Posted to Industry Issues Forum on 4/7/2016
What Is It That We don't Get?
I've about had it with the trade media editorials demanding
more education as a remedy for our current technician
Our major problem with recruiting new talent is that our
industry leadership "Just doesn't get it."
Instead of keeping up with the times, many in our industry
are stuck in the mindset of the 1950s when an an academic
underachiever was placed in auto mechanics programs so "He
could work with his hands." Unfortunately, our management
methods and pay structure have since followed that very
flawed vocational model.
And, using that same 1950s mindset, we continue to counsel
academic under-achievers into our auto mechanics programs
even as we criticize our instructors for not producing
finished auto technicians.
With that said, it's never been possible to produce a
finished technician within an 1,100 clock-hour community
college program. We taught 1,100 hours 40 years ago when
vehicles were equipped with carburetors and point ignitions.
We still find ourselves limited to just 1,100 hours when
teaching how to diagnose and repair vehicles that, instead
of carbs and points, are equipped with highly sophisticated
electronic engine management systems.
Our major problem is that industry simply doesn't accept, in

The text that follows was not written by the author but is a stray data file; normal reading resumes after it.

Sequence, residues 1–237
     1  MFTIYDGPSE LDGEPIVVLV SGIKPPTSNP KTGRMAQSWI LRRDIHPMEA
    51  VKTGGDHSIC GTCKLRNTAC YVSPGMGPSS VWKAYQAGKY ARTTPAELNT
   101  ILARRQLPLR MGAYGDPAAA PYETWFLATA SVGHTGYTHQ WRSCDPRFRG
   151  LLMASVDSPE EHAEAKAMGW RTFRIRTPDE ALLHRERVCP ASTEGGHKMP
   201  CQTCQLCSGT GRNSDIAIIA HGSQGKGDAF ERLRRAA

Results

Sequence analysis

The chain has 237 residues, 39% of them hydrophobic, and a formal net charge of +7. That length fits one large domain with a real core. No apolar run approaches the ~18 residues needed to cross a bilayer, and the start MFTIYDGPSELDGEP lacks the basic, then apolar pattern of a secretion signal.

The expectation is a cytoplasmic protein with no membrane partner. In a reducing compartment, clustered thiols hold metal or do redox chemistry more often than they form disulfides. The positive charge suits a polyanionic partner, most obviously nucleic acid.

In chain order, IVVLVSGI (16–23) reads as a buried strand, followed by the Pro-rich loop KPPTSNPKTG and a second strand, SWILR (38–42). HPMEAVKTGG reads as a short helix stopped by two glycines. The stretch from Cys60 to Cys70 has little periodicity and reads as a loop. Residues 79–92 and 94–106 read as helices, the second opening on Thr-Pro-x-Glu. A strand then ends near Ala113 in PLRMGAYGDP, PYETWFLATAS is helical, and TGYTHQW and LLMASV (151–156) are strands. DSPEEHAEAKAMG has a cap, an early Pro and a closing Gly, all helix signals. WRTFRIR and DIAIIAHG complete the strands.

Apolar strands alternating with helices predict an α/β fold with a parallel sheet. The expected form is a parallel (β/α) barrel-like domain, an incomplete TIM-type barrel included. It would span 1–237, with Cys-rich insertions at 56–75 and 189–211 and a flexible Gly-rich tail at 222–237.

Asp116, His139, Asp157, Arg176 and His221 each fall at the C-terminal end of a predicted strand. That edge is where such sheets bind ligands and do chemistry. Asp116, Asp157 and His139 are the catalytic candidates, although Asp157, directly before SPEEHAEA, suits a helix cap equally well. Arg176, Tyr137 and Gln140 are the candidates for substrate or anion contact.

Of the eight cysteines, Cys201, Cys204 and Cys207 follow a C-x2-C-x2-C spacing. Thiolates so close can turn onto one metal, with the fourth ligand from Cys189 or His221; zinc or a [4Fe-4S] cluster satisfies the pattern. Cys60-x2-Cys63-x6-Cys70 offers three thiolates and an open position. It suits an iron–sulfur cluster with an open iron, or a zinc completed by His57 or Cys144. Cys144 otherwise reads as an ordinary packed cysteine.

practice, that auto repair has become a highly sophisticated
If industry does indeed want to solve its technician
shortage, it must actively support internship programs that
allow an auto mechanics student to complete his training by
working alongside experienced technicians in a commercial
Instead of trying to steal qualified technicians from other
shops, industry should begin teaching its best technicians
how to mentor internship students and how to move them along
toward becoming journeyman technicians.
If we really want to solve the technician shortage, industry
should also begin by providing the new recruit as well as
the experienced veteran with pay and working conditions
commensurate with the level of education and skill now being
Right now, we're losing many new recruits to industries
willing to provide pay and benefits more in line with the
performance levels now being demanded of modern automotive
Yes, we need education and training. But we also need the
pay, benefits, and working conditions that go along with
that education and training.
What is it that our "media people" and "industry leaders"
Gary from Colorado
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62 Replies Received